The Welcoming Sound Of A Chiming Clock

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So, what do you do when you’re too busy to wind the clock?  Actually, it wasn’t that I was too busy. It had more to do with the fact that the mantel clock I had at home had a broken spring. Was it repairable?  Sure it was, but at what cost?  At some point you have to consider the law of diminishing returns.

When it comes to windup clocks, I’m a junkie.  I’ve actually got two mantel clocks that are identical.  Several years ago I decided that since I spent more awake time at the office than I spent at home, why not bring the ambiance of home into the workplace? How better to do that than through a chiming mantel clock? 

Can you imagine what it was like for Corrie ten Boom growing up in a clockmaker’s home?  In the ten Boom household, being a clock maker was a family tradition.  Corrie’s grandfather was a clock maker.  He opened a clock shop in Haarlem, Holland in 1837.  With the shop on the ground floor, the family lived upstairs.  Later the shop was inherited by his son Casper, Corrie’s father.  He, too, was a clock maker. Corrie also was a clock maker. In fact, she has the distinction of being the first female clock maker licensed in Holland.  The year was 1922.  It is good work if you can get it and it is always timely.   In addition, there is something about the sound of a chiming clock striking on the hour that adds ambience to a home.

When it came to a mantel clock for my office, I wanted one exactly like the one we have at home.  Under the auspices of good news, Howard Miller still produces the same mantel clock that we first purchased over thirty years ago.  In fact we bought Craig and Becky one exactly like ours as a wedding present. It is now over twenty years old. Does their clock still work?  I don’t know.  They still have the clock.  Yet I haven’t noticed the chiming sound at fifteen-minute intervals since they’ve moved to Texas.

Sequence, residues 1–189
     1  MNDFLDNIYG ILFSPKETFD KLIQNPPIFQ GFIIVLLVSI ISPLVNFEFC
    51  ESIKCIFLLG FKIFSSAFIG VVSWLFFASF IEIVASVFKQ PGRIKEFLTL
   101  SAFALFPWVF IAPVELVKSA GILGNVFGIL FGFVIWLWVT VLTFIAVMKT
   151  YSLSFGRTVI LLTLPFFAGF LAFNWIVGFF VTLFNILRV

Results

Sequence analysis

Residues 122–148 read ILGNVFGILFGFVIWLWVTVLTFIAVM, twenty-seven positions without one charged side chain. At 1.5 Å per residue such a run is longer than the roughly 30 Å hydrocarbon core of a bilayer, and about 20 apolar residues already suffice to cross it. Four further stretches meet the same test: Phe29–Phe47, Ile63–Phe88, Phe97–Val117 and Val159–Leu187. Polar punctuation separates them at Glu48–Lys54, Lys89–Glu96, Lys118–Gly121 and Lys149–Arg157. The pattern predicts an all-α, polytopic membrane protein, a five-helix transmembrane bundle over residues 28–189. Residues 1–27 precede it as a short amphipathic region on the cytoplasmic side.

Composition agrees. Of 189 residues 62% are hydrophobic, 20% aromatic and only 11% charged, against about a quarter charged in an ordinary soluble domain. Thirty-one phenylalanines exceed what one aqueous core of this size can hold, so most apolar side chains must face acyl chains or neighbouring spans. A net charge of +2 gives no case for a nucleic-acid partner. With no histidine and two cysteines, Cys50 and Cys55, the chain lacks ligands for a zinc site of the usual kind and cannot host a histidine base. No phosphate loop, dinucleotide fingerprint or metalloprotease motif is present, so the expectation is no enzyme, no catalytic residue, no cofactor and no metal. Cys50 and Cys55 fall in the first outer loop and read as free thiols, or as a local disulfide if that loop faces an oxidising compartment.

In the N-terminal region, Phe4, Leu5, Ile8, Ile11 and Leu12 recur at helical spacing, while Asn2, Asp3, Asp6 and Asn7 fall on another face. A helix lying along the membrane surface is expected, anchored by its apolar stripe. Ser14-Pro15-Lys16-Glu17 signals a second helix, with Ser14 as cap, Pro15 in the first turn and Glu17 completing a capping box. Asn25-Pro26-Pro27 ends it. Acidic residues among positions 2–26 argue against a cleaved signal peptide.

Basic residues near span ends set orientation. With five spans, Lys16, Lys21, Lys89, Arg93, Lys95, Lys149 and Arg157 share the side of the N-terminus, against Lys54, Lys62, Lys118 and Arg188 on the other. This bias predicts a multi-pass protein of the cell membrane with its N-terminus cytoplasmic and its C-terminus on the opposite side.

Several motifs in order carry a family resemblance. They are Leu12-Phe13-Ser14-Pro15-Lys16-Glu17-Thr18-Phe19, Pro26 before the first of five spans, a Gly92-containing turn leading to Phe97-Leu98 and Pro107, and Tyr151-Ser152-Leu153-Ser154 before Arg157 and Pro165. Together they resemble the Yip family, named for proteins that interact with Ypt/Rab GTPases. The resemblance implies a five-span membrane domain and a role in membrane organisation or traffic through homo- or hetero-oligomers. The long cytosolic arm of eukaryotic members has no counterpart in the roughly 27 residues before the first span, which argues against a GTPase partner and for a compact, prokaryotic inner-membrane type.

It was my intent to purchase an identical clock as a wedding gift for my daughter and son-in-law to be, but they opted out. The desire for a mantel clock like mine wasn’t on their list of things they wanted for their home. Of course, at some point I’m hoping they change there minds since I now have two and I won’t need the ambiance on the other side of eternity.

When I went to a local clock shop to purchase a Howard Miller mantel clock for my office, I choked when I saw the price.  Wow!  I should have been investing in clocks all along. They appreciate in value.  When I saw the price, I decided to go with “Plan B”. Why not check Craigslist before I doled out all that dough?  My hunch paid off big time.  I found a Herman Miller mantel clock identical to the one we had at home.  In fact, the family selling the clock still had the original box the clock came in.  They were shocked when I paid what they were asking without attempting to bargain them down. At least that’s what they told me. I figured they’d even be more shocked if they knew what their clock was selling for new.

Okay, so the mantel clock I had at home subsequently stopped working because it had a broken spring. Now that I’m not working, I brought the other mantel clock home. Presto, it was nice having a mantel clock on the mantel again. I had moved the other clock from that place of prominence since it didn’t’ work.  Of course, I still had it elsewhere in my home, but not obviously visible.  Nothing is worse than a clock that doesn’t work.